Private domain, public inquiry
Jaar van uitgifte 1996
Nur1 680
Nur2 694
Reeks naam Publikaties FHKW Rotterdam
Status leverbaar
Taal Engels
Bindwijze ing
Bladzijdes 270
Redactie Anton Schuurman & Pieter Spierenburg
Reeks nummer 11
Plaats van uitgave Hilversum
Druk 1

Contents: ANTON SCHUURMAN/PIETER SPIERENBURG, Introduction: Between Public and Private   I. The Family: HANS DE WAARDT, Feud and Atonement in Holland and Zeeland. From Private Vengeance to Reconciliation under State Supervision   MANON VAN DER HEIJDEN, Secular and Ecclesiastical Marriage Control: Rotterdam, 1550-1700   RUDOLF DEKKER, Children On Their Own. Changing Relations in the Family. the Experiences of Dutch Autobiographers, Seventeenth to Nineteenth Centuries   MAARTEN DUIJVENDAK, Elite Families Between Private and Public Life. Some Trends and Theses   II. The Household and Consumption: KITTY DE LEEUW, Fashion, Clothing and Personality: Implacable Enemies or Inseparable Partners? Origin and Development of the 'Personality Cult' in Clothing in the Netherlands: Nineteenth and Twentieth Centuries   THERA WIJSENBEEK-OLTHUIS, Noblesse Oblige. Material Culture of the Nobility in Holland   HESTER C. DIBBITS, Between Society and Family Values. The Linen Cupboard in Early Modern Households   MARJAN GROOT, Reflections on Everyday Taste. Furniture Shops, Department Stores and the Furnishing of the Home, 1895-1940   III. European Perspectives: BERND ROECK, Neighbourhoods and the Public in German Cities of the Early Modern Period. A Magician and the Neighourhood Network   UTE FREVERT, The Middle Classes as Public and Private. Culture, Gender and Modernization in the Nineteenth Century   JOAN PERKIN, Women, Marriage and Class in Nineteenth-Century England   MARTINA SEGALEN, The House Between Private and Public: A Socio-Historical Overview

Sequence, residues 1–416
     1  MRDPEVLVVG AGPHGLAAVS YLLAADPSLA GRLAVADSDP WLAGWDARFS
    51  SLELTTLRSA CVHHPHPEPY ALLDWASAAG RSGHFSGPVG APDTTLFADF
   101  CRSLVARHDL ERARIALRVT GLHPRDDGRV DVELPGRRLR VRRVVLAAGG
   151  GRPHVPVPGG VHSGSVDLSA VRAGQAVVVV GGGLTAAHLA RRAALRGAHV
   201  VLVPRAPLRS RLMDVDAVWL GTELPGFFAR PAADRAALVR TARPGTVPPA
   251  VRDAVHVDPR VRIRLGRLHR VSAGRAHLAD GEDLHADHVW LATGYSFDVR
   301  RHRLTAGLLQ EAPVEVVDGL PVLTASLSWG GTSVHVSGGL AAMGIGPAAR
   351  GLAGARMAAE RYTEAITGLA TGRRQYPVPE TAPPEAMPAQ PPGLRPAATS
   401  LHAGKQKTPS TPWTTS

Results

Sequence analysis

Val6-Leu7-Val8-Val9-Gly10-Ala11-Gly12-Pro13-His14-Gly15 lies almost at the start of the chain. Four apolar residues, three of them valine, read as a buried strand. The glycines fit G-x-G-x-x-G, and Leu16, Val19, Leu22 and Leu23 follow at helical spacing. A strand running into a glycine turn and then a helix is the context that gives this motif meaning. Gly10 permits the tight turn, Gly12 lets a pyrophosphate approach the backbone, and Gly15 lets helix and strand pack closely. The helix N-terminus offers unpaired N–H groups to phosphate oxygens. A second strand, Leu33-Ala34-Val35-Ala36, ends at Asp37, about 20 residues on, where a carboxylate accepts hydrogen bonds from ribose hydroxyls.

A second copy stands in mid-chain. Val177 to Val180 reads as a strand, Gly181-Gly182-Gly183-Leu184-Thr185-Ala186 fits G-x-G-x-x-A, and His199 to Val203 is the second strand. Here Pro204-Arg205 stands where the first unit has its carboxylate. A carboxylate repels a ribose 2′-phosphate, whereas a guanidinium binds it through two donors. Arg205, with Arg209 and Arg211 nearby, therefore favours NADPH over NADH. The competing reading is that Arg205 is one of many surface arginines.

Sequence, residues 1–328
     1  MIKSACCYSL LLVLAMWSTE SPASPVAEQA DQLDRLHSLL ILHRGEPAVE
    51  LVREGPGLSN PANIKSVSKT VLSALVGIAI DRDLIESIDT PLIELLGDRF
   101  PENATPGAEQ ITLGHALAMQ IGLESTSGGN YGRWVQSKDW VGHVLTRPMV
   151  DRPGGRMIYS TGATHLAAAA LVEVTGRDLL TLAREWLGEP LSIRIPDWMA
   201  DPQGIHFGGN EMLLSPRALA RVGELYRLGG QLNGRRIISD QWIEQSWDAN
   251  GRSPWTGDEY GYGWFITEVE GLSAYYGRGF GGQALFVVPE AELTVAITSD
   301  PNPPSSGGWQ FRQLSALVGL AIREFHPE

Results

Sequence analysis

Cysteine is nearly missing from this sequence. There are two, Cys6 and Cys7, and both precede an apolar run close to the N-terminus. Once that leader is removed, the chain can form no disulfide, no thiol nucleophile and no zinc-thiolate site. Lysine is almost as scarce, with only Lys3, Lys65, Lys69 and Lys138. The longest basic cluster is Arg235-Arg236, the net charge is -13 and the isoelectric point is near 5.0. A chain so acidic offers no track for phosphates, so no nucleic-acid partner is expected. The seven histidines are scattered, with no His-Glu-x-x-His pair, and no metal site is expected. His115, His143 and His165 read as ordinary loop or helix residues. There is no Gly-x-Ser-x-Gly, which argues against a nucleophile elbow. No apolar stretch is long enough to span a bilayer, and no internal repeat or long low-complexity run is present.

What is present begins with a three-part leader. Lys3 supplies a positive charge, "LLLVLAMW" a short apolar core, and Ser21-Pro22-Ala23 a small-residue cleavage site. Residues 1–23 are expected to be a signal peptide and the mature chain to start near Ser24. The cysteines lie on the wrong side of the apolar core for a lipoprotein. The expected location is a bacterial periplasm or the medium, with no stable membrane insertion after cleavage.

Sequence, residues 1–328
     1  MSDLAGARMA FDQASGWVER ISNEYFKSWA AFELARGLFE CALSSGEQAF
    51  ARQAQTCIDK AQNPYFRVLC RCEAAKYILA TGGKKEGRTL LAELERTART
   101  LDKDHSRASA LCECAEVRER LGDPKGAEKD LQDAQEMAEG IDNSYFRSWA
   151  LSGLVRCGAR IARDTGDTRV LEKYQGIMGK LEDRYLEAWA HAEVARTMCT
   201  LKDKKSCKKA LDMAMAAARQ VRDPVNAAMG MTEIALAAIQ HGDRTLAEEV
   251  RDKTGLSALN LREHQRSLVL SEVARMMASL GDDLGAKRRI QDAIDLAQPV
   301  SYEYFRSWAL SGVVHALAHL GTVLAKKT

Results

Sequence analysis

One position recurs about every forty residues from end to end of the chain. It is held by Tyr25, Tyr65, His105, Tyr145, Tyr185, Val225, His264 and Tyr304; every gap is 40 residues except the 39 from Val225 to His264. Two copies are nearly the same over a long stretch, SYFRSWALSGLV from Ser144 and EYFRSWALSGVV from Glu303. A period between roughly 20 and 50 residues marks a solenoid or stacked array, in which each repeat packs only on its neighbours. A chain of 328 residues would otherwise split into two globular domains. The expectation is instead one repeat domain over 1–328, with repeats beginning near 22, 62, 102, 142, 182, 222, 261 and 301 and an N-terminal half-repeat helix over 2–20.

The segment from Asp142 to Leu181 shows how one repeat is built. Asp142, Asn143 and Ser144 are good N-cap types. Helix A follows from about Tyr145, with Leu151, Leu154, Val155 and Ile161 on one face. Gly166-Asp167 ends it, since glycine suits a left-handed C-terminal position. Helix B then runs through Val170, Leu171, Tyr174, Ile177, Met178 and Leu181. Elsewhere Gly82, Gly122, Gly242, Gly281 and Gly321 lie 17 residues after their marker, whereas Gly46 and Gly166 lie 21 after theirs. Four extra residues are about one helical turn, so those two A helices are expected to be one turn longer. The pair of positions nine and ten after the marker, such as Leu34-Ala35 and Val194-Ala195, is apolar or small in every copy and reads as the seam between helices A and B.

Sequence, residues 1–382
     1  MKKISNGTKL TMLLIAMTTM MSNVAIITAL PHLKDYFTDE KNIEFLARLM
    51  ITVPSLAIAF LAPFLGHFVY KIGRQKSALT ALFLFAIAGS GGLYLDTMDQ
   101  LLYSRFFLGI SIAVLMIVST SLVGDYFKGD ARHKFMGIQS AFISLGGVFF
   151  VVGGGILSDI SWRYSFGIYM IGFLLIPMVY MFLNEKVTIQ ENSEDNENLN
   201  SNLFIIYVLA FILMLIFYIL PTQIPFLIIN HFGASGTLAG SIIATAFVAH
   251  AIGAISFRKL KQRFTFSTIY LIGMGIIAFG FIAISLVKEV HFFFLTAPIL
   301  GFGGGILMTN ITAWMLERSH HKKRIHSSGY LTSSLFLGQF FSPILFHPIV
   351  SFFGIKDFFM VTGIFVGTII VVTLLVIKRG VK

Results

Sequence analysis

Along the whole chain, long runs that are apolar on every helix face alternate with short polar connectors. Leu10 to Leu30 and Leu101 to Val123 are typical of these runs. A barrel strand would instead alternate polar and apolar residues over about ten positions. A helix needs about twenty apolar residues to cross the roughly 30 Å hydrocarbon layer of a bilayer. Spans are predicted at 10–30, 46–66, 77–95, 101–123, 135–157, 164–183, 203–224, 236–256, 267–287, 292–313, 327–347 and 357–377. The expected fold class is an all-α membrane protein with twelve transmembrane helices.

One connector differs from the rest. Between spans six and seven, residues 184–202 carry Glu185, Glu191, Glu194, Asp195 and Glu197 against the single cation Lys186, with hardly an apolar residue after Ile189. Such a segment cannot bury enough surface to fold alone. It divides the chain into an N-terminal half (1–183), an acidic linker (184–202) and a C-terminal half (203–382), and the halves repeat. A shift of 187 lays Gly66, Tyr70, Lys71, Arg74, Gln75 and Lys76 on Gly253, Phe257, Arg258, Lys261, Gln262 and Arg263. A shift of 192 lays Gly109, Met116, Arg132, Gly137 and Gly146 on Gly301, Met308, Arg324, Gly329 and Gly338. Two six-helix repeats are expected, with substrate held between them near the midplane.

Private domain, public inquiry

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Families and life-styles in the Netherlands and Europe, 1550 to the present.


This volume brings together twelve studies centring on family and household. Its themes include values and morals regarding family life, the family's ties to the local community, the role of objects in the house and the social character of taste. The focus is on the Netherlands but countries such as Germany, France and England are drawn into the analysis. Moreover, the Dutch contributions have been written from a comparative perspective. In every article the tension between public and private domains, in its various manifestations, is a guiding theme. The articles, taken together, cast doubt on the traditional notions of an unlinear development from public to private institutions. The articles form a selection of the papers presented at a conference the editors organized in Rotterdam in November 1994. It served as the starting point for the programme on 'group cultures and life-style' of the N.W. Posthumus Institute, the Dutch Research School for socio-economic history.